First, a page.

Authenicity of the New Testament

new testament

In the spring of 1989 syndicated talk show host Larry King interviewed Shirley MacLaine on the New Age. When a Christian caller contested her view with an appeal to the New Testament, MacLaine brushed him off with the objection that the Bible has been changed and translated so many times over the last 2000 years that it’s impossible to have any confidence in its accuracy. King was quick to endorse her “facts.” “Everyone knows that,” he grunted. Fortunately, this false assumption is groundless.

In a simplified form, this is how the science of textual criticism works. Textual critics are academics who reconstruct a missing original from existing manuscripts that are generations removed from the autograph. According to New Testament scholar F.F. Bruce, “Its object [is] to determine as exactly as possible from the available evidence the original words of the documents in question.”

The science of textual criticism is used to test all documents of antiquity–not just religious texts–including historical and literary writings. It’s not a theological enterprise based on haphazard hopes and guesses; it’s a linguistic exercise that follows a set of established rules. Textual criticism allows an alert critic to determine the extent of possible corruption of any work.

New Testament specialist Daniel Wallace notes that although there are about 300,000 individual variations of the text of the New Testament, this number is very misleading. Most of the differences are completely inconsequential–spelling errors, inverted phrases and the like. A side by side comparison between the two main text families (the Majority Text and the modern critical text) shows agreement a full 98% of the time.
Of the remaining differences, virtually all yield to vigorous textual criticism. This means that our New Testament is 99.5% textually pure. In the entire text of 20,000 lines, only 40 lines are in doubt (about 400 words), and none affects any significant doctrine. Greek scholar D.A. Carson sums up this way: “The purity of text is of such a substantial nature that nothing we believe to be true, and nothing we are commanded to do, is in any way jeopardized by the variants.”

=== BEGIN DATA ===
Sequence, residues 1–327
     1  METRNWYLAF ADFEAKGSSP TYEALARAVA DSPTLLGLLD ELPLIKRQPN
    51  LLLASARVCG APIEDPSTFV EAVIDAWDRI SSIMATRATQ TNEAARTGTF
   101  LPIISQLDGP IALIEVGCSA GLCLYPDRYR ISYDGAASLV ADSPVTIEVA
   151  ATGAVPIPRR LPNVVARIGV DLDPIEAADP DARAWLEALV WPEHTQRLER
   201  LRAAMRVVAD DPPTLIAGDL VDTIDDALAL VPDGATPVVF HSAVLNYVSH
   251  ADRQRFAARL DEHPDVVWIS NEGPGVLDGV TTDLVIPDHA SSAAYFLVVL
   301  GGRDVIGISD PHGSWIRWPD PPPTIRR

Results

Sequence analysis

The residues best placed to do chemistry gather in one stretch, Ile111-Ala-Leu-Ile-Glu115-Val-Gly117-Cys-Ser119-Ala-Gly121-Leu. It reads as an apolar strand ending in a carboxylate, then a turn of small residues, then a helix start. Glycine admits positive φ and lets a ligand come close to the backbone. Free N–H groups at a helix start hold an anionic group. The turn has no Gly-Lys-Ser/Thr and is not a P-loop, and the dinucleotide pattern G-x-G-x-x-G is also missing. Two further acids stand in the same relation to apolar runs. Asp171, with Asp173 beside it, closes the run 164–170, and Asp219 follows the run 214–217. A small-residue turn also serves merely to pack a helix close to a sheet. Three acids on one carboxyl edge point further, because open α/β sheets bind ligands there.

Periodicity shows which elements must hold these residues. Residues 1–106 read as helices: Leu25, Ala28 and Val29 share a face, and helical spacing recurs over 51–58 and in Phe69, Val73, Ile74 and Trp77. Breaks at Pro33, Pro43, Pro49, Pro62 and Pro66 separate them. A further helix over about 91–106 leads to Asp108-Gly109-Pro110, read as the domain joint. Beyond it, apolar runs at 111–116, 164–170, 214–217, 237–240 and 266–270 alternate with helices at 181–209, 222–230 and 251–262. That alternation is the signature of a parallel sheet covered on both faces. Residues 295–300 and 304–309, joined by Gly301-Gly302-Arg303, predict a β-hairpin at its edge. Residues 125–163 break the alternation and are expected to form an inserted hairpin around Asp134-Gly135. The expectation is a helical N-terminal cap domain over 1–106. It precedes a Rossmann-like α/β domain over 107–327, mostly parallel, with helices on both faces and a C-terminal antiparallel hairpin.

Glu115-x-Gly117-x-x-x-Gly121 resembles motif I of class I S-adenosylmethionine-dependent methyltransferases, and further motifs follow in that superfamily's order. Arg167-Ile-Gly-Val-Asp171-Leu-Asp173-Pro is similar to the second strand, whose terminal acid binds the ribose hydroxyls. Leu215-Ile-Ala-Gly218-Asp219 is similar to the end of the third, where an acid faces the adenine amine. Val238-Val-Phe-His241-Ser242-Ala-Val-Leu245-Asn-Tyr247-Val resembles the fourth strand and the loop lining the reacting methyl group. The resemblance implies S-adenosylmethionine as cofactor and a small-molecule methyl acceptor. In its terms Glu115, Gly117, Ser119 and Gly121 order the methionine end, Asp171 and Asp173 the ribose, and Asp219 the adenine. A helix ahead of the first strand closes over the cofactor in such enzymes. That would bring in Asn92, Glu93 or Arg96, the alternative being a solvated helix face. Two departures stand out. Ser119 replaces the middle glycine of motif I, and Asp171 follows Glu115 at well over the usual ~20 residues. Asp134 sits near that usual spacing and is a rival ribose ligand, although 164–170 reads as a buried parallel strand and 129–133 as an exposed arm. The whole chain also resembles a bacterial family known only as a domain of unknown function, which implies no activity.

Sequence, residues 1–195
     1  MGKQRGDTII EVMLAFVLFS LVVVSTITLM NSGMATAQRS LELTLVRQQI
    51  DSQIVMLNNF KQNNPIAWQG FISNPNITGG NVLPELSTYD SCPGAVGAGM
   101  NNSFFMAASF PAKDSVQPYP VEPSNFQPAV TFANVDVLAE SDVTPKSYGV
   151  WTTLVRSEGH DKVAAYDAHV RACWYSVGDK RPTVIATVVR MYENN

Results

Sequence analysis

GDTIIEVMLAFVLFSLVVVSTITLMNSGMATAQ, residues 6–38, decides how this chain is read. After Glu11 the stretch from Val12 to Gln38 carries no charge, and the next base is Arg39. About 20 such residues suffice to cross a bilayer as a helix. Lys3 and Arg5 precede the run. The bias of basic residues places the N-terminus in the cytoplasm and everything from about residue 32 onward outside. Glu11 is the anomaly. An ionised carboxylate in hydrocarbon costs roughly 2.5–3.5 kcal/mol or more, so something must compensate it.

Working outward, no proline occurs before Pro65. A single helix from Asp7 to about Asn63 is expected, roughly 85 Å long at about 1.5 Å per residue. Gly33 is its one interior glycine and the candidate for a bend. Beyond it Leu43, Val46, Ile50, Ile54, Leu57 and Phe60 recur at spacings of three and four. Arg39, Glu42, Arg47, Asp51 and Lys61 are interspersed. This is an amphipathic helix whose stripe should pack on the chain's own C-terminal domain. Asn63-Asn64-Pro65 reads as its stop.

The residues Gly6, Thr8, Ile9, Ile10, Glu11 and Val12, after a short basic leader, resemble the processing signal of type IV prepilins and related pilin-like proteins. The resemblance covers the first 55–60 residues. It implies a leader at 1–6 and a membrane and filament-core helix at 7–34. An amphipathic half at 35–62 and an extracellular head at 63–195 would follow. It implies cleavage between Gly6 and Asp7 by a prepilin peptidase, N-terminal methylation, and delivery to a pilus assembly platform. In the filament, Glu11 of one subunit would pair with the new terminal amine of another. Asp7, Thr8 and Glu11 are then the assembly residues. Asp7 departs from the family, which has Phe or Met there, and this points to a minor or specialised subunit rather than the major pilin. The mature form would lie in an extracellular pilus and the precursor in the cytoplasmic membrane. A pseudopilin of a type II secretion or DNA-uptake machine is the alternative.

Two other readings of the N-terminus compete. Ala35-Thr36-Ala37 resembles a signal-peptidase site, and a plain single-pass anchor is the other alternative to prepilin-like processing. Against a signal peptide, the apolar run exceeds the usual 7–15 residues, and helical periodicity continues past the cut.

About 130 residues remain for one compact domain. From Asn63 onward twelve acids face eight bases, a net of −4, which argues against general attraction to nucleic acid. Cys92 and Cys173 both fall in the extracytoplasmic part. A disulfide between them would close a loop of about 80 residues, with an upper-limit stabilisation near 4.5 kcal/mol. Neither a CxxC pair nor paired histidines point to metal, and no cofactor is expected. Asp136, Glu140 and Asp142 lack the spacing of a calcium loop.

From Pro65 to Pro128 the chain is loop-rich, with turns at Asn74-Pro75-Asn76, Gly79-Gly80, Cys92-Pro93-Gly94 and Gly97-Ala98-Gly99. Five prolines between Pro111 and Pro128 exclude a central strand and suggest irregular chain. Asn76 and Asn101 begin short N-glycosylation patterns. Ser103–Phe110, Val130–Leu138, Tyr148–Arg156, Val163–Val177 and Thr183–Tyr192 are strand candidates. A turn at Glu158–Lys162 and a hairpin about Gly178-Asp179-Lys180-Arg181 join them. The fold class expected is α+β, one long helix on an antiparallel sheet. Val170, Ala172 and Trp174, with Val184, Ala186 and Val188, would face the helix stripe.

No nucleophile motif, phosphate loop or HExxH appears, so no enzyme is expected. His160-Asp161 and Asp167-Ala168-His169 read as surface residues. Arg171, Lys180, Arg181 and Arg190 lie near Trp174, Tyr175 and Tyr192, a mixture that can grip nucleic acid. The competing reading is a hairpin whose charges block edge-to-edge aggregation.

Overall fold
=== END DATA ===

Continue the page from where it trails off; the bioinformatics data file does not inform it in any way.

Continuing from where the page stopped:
This issue is no longer contested by non-Christian scholars, and for good reason. Simply put, if we reject the authenticity of the New Testament on textual grounds we’d have to reject every ancient work of antiquity and declare null and void every piece of historical information from written sources prior to the beginning of the second millennium A.D.

To quote Sir Frederick Kenyon, from The Bible and Theology:
“The interval between the dates of the original composition and the earliest extant evidence becomes so small as to be in fact negligible, and the last foundation for any doubt that the Scriptures have come down to us substantially as they were written has now been removed. Both the authenticity and the general integrity of the books of the New Testament may be regarded as finally established.”

Has the New Testament been altered? Critical, academic analysis says it has not.
Eye witness accounts, lets take a look at the evidence:
Peter, John, and Matthew were in the original apostolic company; they were with Jesus during his ministry for three and one-half years. They were by his side virtually day by day, hence they wrote as eyewitnesses of the things they saw and heard.